Gloria Lee’s (Art & Art History) applied work has been directed towards issues of organizational systems, communication, and the role that visual communication can play, with an emphasis upon participatory design methods. Drawing upon her tactical communication and collaborative design projects with students here at UT and her Difficult Dialogues Course, “Reframing Sustainability,” Lee will use the Faculty Fellows Seminar to explore the issues of dialogue, role-shifting, and participation in relation to the visual rhetoric of and collaboration on sustainability projects.

Xavier Livermon’s (African & African Diaspora Studies) research exists at the intersection of popular culture, gender, and sexuality in post-apartheid South Africa and the African Diaspora. He is currently completing a manuscript tentatively entitled Its About Time: Kwaito and the Performance of Freedom, which examines post-apartheid youth culture. He will use the Seminar as an opportunity to advance his second book project, Queerying Freedom: Black Queer Visibilities in Post-Apartheid South Africa, in which he investigates the possibility of an African queer future from a black South African perspective.

Marilén Loyola’s (Spanish & Portuguese) research looks at the cultural, literary, and especially performative expressions of post-dictatorship “healing” in contemporary Spain and Latin America. She comes to the “Imagined Futures” Seminar with the interdisciplinary lenses of memory studies, cognitive studies, and theater and performing arts studies, which will be applied to the study of national responses to post-traumatic stress. She is especially interested in how a meaningful narrative created by pubic theater, in response to national trauma, contributes to the possibility of imagining a shared, national future.

Violina Rindova (Management) holds the Zlotnick Family Chair in Entrepreneurship and Herb Kelleher Chair in Entrepreneurship. Her research has focused on strategy, firm culture, value creation and reputation, especially in the context of emerging markets. She wishes to use the Humanities Institute Faculty Fellowship as an opportunity to expand her understanding of how business leaders envision the future—a focus, she argues, that is lacking in current business strategy and management research.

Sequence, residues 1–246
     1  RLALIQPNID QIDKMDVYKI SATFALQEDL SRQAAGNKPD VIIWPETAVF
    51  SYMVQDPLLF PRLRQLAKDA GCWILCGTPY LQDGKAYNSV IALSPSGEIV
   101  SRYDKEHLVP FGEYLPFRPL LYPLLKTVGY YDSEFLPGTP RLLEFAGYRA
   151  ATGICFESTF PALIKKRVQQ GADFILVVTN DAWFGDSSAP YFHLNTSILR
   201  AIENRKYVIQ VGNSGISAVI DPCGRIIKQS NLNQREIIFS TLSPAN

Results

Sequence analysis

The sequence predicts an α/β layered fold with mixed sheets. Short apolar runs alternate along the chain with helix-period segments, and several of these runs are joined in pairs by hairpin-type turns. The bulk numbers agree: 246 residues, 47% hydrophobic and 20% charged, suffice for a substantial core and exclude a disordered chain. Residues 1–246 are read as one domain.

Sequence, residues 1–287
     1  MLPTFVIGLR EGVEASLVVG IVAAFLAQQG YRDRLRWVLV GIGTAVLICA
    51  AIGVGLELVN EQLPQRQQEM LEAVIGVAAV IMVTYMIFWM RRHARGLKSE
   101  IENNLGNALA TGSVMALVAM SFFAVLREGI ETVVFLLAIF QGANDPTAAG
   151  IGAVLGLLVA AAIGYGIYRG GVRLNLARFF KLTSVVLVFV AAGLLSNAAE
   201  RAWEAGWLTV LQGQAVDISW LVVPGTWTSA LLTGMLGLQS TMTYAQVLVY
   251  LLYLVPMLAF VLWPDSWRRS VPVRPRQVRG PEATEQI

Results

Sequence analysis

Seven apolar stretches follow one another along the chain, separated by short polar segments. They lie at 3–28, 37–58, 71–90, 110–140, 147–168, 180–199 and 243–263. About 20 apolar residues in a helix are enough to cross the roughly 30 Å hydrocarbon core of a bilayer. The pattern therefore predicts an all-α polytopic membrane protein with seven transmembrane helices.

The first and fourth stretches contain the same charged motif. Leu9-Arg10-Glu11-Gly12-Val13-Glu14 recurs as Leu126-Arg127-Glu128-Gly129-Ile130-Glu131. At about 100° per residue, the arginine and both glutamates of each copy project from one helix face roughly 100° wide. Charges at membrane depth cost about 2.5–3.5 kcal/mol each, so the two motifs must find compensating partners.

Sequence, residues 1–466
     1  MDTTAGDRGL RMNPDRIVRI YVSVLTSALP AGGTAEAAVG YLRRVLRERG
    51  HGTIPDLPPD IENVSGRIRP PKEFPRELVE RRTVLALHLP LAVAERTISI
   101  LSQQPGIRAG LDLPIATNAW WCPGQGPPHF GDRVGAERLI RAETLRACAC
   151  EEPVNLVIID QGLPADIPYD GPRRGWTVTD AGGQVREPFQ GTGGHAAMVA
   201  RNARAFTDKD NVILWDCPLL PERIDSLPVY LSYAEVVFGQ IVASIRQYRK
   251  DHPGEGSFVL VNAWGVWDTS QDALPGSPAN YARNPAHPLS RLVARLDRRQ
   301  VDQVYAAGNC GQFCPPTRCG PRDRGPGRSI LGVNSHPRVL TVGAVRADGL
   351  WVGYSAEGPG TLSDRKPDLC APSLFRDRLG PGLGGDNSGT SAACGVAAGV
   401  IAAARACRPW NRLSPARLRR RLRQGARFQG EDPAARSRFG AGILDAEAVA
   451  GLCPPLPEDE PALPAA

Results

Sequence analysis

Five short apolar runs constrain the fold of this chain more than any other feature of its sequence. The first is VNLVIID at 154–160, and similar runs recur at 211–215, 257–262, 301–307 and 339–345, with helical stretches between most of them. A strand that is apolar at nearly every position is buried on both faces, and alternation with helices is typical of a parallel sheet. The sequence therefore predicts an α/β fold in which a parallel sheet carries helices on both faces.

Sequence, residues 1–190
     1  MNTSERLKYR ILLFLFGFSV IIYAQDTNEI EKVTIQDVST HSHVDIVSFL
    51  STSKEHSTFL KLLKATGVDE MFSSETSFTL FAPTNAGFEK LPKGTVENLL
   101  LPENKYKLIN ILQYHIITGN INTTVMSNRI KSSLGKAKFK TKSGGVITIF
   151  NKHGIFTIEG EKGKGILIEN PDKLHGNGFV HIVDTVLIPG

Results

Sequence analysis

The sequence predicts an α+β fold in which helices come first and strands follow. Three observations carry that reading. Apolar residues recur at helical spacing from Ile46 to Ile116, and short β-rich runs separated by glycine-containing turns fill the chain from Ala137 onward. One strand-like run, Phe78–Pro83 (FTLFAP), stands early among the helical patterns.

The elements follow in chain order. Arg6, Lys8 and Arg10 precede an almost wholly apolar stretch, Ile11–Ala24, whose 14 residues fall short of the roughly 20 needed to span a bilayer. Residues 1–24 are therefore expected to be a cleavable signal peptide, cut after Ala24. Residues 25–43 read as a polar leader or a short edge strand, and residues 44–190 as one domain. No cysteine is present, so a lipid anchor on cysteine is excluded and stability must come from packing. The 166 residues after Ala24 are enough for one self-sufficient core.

Allan W. Shearer (Architecture) is Co-Director of the Center for Sustainable Development and Associate Professor in the School of Architecture. His research centers on how individuals, communities, and societies create scenarios of the future and how these descriptions of possible tomorrows are used to inform present day decisions. In addition to developing an undergraduate course on sustainable futures, Dr. Shearer intends to use the Seminar to re-read and re-consider several foundational futures studies' texts toward what will be a series of lectures, exercises, and, ultimately, publications on how the future has been perceived in periods of crisis.

Allison Skerrett (Curriculum & Instruction) has researched how literacy and language arts education may capitalize upon the cultural, language, and literacy practices and experiences of diverse student populations in US and Canadian schools. With the Faculty Fellows seminar, she will extend this research focus into the arena of transnational youths and their education by imagining approaches to literacy and language arts education that can support the academic development of transnational youths while also benefitting the academic growth of their mono-national peers who sit beside them in classrooms.

Kathleen Stewart (Anthropology) is a Professor in the Department of Anthropology. Dr. Stewart writes and teaches on affect, the ordinary, the senses, and modes of ethnographic engagement based on curiosity and attachment.  She intends to use the Faculty Fellows seminar to complete her book on worlding—a term she uses to trace a relatively new and proliferating phenomenon in the United States in which communities of co-presence and co-experience form around conditions, practices, pleasures, scenes of absorption, forms of attunement and attachment, and often fleeting strategies for self-transformation.